Bolivian spared by Che says he respects, but doesn't admire, Marxist leader
A Bolivian former army soldier, Nestor Cuentas (C), participates in a ceremony in La Paz on 6 October 2017 to honor troops who died in battle in 1967 against Argentine Cuba-born revolutionary Ernesto "Che" Guevara's forces. EPA-EFE/Martin Alipaz
A Bolivian former army soldier, Nestor Cuentas (C), participates in a ceremony in La Paz on 6 October 2017, honoring tropos who died in battle in 1967 against forces led by Argentine-born, Cuban revolutionary Ernesto "Che" Guevara. EPA-EFE/Martin Alipaz
A Bolivian former army soldier, Nestor Cuentas (left), takes part in a ceremony in La Paz on 6 October 2017 honoring troops who fell in battle against Argentine-born Cuban revolutionary Ernesto "Che" Guevara's forces in 1967. EPA-EFE/ Martin Alipaz
La Paz, Oct 7 (efe-epa).- A Bolivian soldier who was among a group of prisoners whose lives were spared by Ernesto "Che" Guevara on May 9, 1967, said he respected the late Argentine-born Cuban revolutionary but did not admire him because he had invaded his country.
Nestor Cuentas was 18 when he enlisted in the Bolivian armed forces to fulfill his military requirement for the 1966-1967 period and was among the troops tasked with putting down a Guevara-led rebellion.
"I respect him for his ideology, but not for the invasion he carried out in our country," Cuentas told EFE.
His remarks come as soldiers of that period remember those who fell in battle 50 years ago and President Evo Morales' leftist government organizes events paying homage to the Communist revolutionary.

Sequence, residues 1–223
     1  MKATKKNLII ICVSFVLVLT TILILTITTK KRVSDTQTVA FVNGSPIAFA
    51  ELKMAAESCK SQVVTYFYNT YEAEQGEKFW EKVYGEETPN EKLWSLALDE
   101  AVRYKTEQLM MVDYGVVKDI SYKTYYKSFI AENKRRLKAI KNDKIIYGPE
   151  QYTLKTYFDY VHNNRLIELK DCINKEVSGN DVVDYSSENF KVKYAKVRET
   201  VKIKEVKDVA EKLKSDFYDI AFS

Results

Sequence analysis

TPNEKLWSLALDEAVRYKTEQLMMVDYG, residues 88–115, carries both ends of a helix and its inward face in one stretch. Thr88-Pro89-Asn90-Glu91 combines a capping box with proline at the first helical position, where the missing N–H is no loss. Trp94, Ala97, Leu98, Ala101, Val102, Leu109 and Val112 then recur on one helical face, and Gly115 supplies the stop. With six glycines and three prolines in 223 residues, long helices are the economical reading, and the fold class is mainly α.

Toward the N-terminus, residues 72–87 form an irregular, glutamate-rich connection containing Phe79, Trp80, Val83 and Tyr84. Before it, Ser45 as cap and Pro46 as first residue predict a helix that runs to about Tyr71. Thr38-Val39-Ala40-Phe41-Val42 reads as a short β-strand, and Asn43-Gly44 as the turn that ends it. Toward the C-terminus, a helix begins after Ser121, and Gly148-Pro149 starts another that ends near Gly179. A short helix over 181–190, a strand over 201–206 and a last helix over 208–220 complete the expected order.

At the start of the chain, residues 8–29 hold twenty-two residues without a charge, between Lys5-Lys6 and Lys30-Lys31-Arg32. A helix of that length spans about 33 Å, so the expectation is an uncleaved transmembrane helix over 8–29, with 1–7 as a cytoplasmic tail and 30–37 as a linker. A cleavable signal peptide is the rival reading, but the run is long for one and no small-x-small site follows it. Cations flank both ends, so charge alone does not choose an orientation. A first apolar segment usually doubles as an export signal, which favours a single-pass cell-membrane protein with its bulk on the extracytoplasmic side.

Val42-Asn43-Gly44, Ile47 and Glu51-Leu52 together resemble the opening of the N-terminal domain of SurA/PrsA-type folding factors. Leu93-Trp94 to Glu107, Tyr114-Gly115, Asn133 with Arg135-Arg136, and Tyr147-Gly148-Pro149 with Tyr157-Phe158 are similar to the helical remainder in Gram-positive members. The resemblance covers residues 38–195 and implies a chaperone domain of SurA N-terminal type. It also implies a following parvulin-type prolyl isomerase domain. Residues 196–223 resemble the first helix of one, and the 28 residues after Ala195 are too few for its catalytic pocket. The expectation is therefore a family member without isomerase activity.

On May 8, 1967, some of Cuentas' fellow troops who had camped near the convergence of the Ñancahuazu and Iquiri rivers in south-central Bolivia had gone looking for something to eat when the first clash with the guerrillas occurred, a confrontation in which two soldiers were taken prisoner, he recalled.
"We organized ourselves to attack in three groups, down river, but they had organized themselves in the shape of an 'L' and began firing at us from the side and straight ahead. They had ambushed us," Cuentas said.
The fighting lasted nearly two hours in the bed of the Ñancahuazu river until the Bolivian recruits ran out of ammunition and were captured.
The leader of the group of army soldiers was shot and killed in combat, while the other troops were initially told they would be executed.
However, a guerrilla named "Coco" subsequently told them that the commander (Guevara) had decided to spare their lives and was giving them a half-hour to leave their place of capture and take away their wounded.
Five months later, on Oct. 8, 1967, the Bolivian army - with backing from the United States' CIA - captured Guevara and wiped out his rebel forces; the revolutionary leader was executed the following day in the southern village of La Higuera on the orders of Bolivian President Rene Barrientos.
Cuentas and dozens of other former military men from that era attended a Mass Friday in La Paz to remember the roughly 50 Bolivian soldiers who died in clashes with Guevara's guerrilla forces.